Mention three traits or skills that make you qualified for the job and how you intend to use them to make a positive contribution. Then, ask about next steps or if there’s anything else you can provide, such as references or code samples. This simple three-plus-one formula is an effective and memorable way to close out a job interview.

“The brain loves closure because it’s comforting,” Molidor said.

If Marilee remembers these suggestions, the fear of interviewing for a job she wants, might lead to the job she wants. The important part for her and others who dread the interviewing process is to know that if interviewers are interested in what you have to say, they will listen.

“Be precise, and if they show interest in your topic, speak it loud and up,” said Shino San, creative strategist. “Let them know who you are and why the want you.”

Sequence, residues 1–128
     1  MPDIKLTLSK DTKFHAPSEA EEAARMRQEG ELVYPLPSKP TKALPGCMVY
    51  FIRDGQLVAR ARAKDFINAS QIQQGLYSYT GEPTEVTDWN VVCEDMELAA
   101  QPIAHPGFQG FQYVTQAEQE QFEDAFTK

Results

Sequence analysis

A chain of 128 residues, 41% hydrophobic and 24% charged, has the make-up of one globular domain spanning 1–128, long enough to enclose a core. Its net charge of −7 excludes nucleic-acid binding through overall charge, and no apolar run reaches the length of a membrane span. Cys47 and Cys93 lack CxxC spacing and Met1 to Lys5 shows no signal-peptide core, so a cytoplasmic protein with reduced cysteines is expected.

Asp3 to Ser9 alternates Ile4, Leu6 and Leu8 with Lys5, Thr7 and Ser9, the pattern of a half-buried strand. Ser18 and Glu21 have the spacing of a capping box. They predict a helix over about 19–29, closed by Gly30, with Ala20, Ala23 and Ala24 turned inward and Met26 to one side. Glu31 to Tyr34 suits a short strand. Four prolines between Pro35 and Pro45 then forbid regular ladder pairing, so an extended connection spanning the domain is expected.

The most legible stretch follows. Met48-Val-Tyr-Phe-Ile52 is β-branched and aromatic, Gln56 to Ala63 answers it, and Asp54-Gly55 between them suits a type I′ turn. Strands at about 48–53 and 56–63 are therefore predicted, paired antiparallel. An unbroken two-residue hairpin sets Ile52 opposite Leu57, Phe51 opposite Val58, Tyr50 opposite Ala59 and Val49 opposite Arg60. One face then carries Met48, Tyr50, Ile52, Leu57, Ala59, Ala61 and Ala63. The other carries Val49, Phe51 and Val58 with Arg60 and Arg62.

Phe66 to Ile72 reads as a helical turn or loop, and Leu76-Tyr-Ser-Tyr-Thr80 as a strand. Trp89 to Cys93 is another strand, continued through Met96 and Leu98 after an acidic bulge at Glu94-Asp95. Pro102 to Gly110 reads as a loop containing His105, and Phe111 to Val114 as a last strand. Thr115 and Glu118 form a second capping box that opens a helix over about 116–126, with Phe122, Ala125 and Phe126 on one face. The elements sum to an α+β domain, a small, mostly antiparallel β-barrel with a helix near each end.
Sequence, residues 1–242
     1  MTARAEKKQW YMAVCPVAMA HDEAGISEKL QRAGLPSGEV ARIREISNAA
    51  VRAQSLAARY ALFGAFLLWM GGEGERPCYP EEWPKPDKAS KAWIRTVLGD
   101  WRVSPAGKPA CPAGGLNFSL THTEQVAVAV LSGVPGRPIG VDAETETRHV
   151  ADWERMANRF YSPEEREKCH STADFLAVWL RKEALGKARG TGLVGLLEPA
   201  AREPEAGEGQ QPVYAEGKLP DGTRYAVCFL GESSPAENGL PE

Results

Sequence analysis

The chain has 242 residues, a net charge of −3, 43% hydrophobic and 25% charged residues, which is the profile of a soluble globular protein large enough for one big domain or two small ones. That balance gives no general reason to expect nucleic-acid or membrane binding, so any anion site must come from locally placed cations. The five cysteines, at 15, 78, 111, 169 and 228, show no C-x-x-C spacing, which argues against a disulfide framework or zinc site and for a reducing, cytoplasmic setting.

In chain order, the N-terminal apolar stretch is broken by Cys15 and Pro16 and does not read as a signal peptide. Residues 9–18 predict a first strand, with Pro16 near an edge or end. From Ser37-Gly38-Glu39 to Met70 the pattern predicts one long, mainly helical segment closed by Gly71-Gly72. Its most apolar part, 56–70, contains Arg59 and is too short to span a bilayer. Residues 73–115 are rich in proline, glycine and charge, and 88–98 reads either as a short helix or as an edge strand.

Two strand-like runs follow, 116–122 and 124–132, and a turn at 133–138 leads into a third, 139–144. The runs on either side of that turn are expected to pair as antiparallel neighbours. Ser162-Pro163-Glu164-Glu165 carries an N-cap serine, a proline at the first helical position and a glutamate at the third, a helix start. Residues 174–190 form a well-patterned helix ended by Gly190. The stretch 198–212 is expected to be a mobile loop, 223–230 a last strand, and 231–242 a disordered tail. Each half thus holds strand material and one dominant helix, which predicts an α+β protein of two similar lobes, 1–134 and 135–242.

If that’s not enough for the interviewer—and you’ve done your best at interviewing—then perhaps the job is not for you. There’s only so much you can do to let your modesty, competence, and likability to shine through, San said. Move on with the confidence of knowing that your life doesn’t hinge on getting that one perfect job.

Share on facebook
Facebook
Share on twitter
Twitter
Share on linkedin
LinkedIn
Share on google
Google+
Share on email
Email

If you’re looking for help with your personal development, a professional counselor can help!

References

Freund, A. (April 1, 2015). “The Psychology of the Job Interview,” Personal Branding Blog. Retrieved from https://www.personalbrandingblog.com/the-psychology-of-the-job-interview

Roulin, N. (April 6, 2017). “The Psychology of Job Interviews,” Psychology Today.Retrieved from https://www.psychologytoday.com/us/blog/the-author-speaks/201704/the-psychology-job-interviews

Stevens-Huffman, L. (August 17, 2017). “Mastering the Psychology of Job Interviews,” Dice. Retrieved from https://insights.dice.com/2017/08/17/mastering-psychology-job-interviews

 

You may also like

Leave a comment

Don't Miss New Content!Sign up to receive updates from Encompass Counseling Center. 

We never spam or sell your information.
You will only receive articles and announcements directly from us.